The arrival on Chiron is referred to as "Planetfall", which is a term used in many science fiction novels, including Robert A. Heinlein's Future History series, and Infocom's celebrated comic interactive fiction adventure Planetfall. Vernor Vinge's concept of technological singularity is the origin of the Transcendence concept.

The game's cutscenes use montages of live-action video, CGI, or both; most of the former is from the 1992 experimental documentary Baraka.

[edit] Influence

While not being a direct sequel of Civilization II, Alpha Centauri was considered a spiritual successor of that much-acclaimed game, because it had the same general principles and was made by many of the original developers. At the time, the future of the Civilization franchise was in dispute since Sid Meier and Brian Reynolds had left Microprose to found Firaxis. Unable to make Civilization III, the two made Alpha Centauri instead, beginning the game where the storyline had left off in Civilization, with mankind leaving Earth to travel to Alpha Centauri. Alpha Centauri was also built on the Civilization II engine modified for voxel graphics.

The magazine PC Gamer US awarded Alpha Centauri a score of 98%, which was the highest score ever given by that magazine—Civilization II being the previous holder of this record with 97%. Later, PC Gamer also gave Half-Life 2 and Crysis scores of 98% in 2004 and 2007, respectively, tying each with Alpha Centauri. The magazine also gave Alpha Centauri Editor's choice and Turn-based strategy game of the year awards in 1999.

Alpha Centauri has also won several Game of the Year awards, including those from The Denver Post and Toronto Sun. It won Turn-based Strategy Game of the year award from GameSpot as well. The Academy of Interactive Arts & Sciences named Alpha Centauri best strategy game of the year. In 2000 Alpha Centauri won the Origins Award for Best Strategy Computer Game of 1999.

In the community of Civilization players, many quotations from Alpha Centauri, which are shown at different points in the gameplay, are also quite popular.

The game has also sparked a trilogy of novels (see below) and a strategy guide by Chris Hartpence ("Velociryx"), which was later printed and published. Steve Jackson Games also published GURPS Alpha Centauri, a sourcebook for the GURPS role-playing game set in the Alpha Centauri universe.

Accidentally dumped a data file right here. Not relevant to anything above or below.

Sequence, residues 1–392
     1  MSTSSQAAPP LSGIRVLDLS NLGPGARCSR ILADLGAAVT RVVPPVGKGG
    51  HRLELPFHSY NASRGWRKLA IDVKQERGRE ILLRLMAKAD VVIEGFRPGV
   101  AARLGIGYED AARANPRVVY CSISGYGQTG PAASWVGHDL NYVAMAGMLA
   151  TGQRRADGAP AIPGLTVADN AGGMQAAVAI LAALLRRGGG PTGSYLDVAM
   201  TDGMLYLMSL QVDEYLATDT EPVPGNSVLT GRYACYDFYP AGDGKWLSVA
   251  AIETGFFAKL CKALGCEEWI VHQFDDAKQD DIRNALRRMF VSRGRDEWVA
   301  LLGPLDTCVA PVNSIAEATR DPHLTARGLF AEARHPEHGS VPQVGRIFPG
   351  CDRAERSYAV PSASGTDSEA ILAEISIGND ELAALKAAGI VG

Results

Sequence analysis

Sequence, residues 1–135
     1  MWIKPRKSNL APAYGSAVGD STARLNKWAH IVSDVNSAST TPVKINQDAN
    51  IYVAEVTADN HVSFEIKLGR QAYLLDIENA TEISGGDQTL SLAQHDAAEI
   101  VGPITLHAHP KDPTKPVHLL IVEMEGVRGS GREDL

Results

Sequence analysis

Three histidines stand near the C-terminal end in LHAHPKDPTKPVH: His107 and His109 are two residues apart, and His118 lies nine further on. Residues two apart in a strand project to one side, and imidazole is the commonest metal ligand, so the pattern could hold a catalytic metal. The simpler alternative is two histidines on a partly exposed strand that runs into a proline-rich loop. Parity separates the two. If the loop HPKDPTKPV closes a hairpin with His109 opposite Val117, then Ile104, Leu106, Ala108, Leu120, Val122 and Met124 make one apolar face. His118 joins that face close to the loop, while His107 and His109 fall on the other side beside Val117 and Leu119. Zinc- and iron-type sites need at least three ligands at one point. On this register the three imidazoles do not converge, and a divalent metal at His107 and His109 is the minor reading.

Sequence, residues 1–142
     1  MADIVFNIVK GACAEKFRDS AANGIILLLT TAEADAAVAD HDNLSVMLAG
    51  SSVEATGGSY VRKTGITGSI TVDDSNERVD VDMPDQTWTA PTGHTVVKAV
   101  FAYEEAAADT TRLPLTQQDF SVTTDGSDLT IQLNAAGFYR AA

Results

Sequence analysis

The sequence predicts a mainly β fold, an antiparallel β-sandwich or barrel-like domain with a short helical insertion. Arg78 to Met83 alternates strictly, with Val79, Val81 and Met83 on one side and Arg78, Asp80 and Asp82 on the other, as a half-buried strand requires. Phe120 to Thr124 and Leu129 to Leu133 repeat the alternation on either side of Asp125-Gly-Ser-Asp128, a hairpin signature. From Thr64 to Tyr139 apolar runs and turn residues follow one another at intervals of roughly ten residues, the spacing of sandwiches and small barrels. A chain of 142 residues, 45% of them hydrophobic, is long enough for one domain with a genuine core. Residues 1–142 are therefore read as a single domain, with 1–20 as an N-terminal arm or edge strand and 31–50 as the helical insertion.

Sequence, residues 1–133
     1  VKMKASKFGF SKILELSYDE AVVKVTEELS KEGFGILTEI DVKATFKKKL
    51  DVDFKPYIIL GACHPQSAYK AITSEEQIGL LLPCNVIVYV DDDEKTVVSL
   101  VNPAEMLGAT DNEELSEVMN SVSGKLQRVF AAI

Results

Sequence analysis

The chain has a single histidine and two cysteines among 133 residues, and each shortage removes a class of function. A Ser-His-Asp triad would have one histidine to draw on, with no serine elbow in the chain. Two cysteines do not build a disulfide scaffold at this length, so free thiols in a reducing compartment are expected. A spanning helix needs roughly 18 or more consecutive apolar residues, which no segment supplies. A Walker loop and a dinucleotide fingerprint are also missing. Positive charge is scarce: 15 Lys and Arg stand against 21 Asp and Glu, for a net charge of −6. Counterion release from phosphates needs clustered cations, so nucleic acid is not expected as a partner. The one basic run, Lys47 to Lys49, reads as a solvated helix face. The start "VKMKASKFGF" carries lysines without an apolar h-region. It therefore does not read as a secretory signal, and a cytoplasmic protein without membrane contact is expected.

Many gameplay features which made their debut in Alpha Centauri would be implemented in later games in the Civilization Series, such as enhanced diplomatic options (including the ability to loan money to other players and to make other players become vassals), an election-based UN-like system for enacting laws affecting all players, and the ability to fine-tune a faction's governmental structures by varying separate aspects of their governance.

[edit] Technology

Alpha Centauri employs (isometric) 3-D rendering for both the terrain and units. This is made possible by the "Caviar" voxel library by AnimaTek International (now Digital Element), which renders the voxel models and terrain geometry using self-modifying assembly language routines.

[edit] Fiction

The original story of the journey and splintering of the colonization space ship from Earth to Alpha Centauri was detailed in multiple installments that were released periodically by Michael Ely of Firaxis on the web, immediately prior to the release of the game, for marketing purposes. During the course of the installments, the names of regular forum members on the official Firaxis forums were incorporated into the story in cameos. The resulting short story Journey to Centauri can be downloaded from the official website[3]. A second short story, Arrival, introducing the Alien Crossfire factions, is also downloadable from that site.

For further reading, game story developer Michael Ely has also written a trilogy of novels based on the game. Each of these novels is loosely based on one of the three "Faction vs. Faction" scenarios included with the game: Peacekeepers vs. Spartans, Gaians vs. Morganites, and Believers vs. University, respectively.

There is also a graphic novel Alpha Centauri: Power of the Mindworms written by Steve Darnell and illustrated by Rafael Kayanan.

SMAC is no longer available for purchase anywhere except those that sell used copies. Unless the current owners of the game's copyright allow it to be sold (through a system such as Steam or Gamersgate), the game is currently unavailable for legal download anywhere however it can be accessed via Gametap.

[edit] References

  1. ^ Generation Terrorists.
  2. ^ Sid Meier's Alpha Centauri Manual p.185
  3. ^ Sid Meier's Alpha Centauri: The Story

[edit] See also

[edit] External links